Lately I’ve had the toppling of giants on the brain. Apparently so too have some lower-ranked players at Wimbledon. Some unknown Taiwanese named Lu Yeh-hsun, ranked # 82, took out Andy Roddick in the second week opener. A Bulgarian talent named Tsvetana Pironkova (in photo), also eerily ranked # 82, destroyed Venus Williams in straights.
At least the Roddick match went to five sets, with both men actually breaking a sweat. Pironkova took out Venus by an unbelievable 6-2 6-3 score, never losing her cool as she played a combination of lawn tennis, squash, ping-pong, croquet, and racquetball in a collection of unusual strokes not seen since Susan Lenglen played tennis.
But the question that these and similar giant-toppling events raises for me is whether these performances represent flukes, breakthroughs, or the heralding of the next giant of the sport. I think that the question is fair, and I owe it all to George Bastl.
Do you remember George Bastl? I do. I became enchanted with him one summer when he took out Sampras at Wimbledon. Everyone was shocked, no one more so than George himself. In fact his career never recovered from the shock. He has never played at that level since. Come to think of it, I don’t even know what became of him. His will forever represent the type of fluke performance that will happen in tennis from to time. And by this I do not mean that Sampras in any way handed him the win. Bastl won that match fair and square. The fluke lay in the fact that if he had to play the exact same match against the exact same opponent the following day, Bastl would reliably lose. The win was a one-time event, a never to be repeated fluke performance.
On the other hand, when Federer crushed Sampras at Wimbledon some years ago, his win signaled a changing of the guard, a heralding of things to come, the arrival of a new giant in tennis. Federer has taken my advice and has been watching his back ever since.
But I believe there is a middle category of performances, ones that straddle the line between fluke and giant-slaying. And that is the seminal breakthrough. A breakthrough performance is one that signals the arrival of a major new talent. It is not a chance performance, but the person may struggle for some time before getting their act together. With time and experience, the player emerges to become a major contender, sometimes even a new giant of the sport.
Only time will tell if Melanie Oudin’s run at the US Open two years ago represented a true breakthrough. She is young enough that she deserves and has been given the time and experience to develop her game. But as a short woman without a major weapon, it’s looking more and more as if that dream run was nothing but a crowd-pleasing fluke.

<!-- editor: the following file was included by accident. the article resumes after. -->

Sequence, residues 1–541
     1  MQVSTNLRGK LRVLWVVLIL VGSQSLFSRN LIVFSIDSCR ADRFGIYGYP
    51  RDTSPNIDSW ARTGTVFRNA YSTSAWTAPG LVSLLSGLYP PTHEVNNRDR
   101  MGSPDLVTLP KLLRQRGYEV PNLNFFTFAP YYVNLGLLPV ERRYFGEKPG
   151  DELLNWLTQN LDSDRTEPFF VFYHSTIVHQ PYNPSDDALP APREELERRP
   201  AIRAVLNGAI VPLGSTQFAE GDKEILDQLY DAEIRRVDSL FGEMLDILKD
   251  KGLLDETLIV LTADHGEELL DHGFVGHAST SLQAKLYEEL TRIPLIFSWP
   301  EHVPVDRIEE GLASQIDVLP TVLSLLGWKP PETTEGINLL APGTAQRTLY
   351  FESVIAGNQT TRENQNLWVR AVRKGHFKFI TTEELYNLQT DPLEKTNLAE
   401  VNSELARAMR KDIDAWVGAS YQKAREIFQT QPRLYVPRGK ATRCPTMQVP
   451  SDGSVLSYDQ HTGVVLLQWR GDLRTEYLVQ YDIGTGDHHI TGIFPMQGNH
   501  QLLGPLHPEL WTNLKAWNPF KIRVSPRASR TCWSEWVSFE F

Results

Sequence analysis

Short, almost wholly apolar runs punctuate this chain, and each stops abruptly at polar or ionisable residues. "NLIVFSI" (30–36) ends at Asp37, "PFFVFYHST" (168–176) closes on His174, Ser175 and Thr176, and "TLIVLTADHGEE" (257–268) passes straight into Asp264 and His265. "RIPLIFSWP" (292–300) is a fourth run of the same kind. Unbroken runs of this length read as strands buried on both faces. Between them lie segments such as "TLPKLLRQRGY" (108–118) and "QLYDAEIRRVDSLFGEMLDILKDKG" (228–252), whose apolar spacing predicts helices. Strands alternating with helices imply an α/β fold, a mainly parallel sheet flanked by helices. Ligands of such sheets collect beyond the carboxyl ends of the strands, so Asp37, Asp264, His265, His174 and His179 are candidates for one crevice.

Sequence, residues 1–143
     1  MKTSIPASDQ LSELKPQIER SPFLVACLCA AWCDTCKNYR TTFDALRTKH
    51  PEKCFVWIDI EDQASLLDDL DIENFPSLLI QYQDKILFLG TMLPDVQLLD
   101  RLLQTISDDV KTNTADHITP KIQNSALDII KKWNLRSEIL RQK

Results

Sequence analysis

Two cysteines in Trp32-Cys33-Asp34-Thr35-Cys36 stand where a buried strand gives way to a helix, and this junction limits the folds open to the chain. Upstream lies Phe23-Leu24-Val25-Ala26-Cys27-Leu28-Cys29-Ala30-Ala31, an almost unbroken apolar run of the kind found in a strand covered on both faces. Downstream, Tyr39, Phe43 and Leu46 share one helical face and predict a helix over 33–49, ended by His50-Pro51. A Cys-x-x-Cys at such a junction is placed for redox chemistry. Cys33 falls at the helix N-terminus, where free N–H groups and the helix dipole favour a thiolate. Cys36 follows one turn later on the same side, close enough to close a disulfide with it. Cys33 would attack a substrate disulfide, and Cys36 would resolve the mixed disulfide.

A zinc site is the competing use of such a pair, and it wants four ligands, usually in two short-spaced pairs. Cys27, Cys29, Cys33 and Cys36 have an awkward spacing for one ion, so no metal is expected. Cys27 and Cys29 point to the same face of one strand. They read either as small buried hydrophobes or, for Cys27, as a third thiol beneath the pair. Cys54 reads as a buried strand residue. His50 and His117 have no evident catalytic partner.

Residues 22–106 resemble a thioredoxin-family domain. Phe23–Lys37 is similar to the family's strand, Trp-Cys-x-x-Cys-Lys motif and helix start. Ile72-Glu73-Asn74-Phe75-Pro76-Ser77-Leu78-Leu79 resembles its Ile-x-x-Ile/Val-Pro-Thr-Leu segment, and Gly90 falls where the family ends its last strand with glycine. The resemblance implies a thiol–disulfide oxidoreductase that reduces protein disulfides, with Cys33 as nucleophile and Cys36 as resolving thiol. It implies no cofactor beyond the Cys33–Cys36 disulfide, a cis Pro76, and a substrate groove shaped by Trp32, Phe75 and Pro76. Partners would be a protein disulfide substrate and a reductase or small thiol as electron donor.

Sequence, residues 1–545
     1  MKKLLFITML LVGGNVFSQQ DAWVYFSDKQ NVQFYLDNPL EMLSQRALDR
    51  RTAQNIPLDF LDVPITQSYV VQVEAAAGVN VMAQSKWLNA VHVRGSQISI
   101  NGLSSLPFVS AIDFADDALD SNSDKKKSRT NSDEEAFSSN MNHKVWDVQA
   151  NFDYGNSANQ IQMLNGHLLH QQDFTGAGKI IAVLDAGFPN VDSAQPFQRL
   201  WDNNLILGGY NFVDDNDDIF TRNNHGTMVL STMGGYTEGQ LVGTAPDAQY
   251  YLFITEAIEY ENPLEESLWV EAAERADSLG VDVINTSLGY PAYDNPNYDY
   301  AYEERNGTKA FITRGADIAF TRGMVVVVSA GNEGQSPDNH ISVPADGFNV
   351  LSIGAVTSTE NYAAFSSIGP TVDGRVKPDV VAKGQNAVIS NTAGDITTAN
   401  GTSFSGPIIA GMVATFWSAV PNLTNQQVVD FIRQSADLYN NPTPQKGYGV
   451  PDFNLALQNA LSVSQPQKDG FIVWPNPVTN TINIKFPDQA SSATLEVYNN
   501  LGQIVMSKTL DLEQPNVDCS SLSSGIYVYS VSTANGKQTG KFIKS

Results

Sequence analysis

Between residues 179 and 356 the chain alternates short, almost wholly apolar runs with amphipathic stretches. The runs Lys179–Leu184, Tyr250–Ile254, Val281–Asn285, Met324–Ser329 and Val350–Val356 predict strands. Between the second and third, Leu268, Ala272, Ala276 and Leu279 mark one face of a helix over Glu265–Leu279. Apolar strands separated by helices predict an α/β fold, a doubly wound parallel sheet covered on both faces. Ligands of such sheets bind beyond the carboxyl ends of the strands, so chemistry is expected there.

Pironkova’s win over Venus is also difficult to categorize. For a start, she has such an unusual style of playing, such an odd combination of strokes, that she may continue to win simply because opponents will not know what to make of her. But it will be just a matter of time also until folks start deconstructing her game and figuring out its Achilles heels. So I am not going to declare her as having Big Babe potential. But it is also unfair to call her win against Venus a fluke when she has bested Venus before, at the 2006 Australian Open. I believe that Pironkova is an original talent. But only time will tell if her run at the 2010 Wimbledon represents a genuine breakthrough.
I also am not clear if Vera Zvonareva’s breakthrough win over Clijsters today signals anything significant. What I do know that right about now, women’s tennis could use some serious giant-slayers. That Clijsters could retire, get married, have a baby, and show back up two years later to win the 2009 US Open, tells you that women’s tennis is ripe for the taking. I don’t know which performance makes women’s tennis look worse -- Clijsters’ return, or the resurgence of the 40-year-old Kimiko Date. I have nothing against either of these women personally. I would say the same thing if Agassi grabbed a racket and showed up in France to win Roland Garros after a two-year absence. It just isn’t done. That is what needs to be the fluke.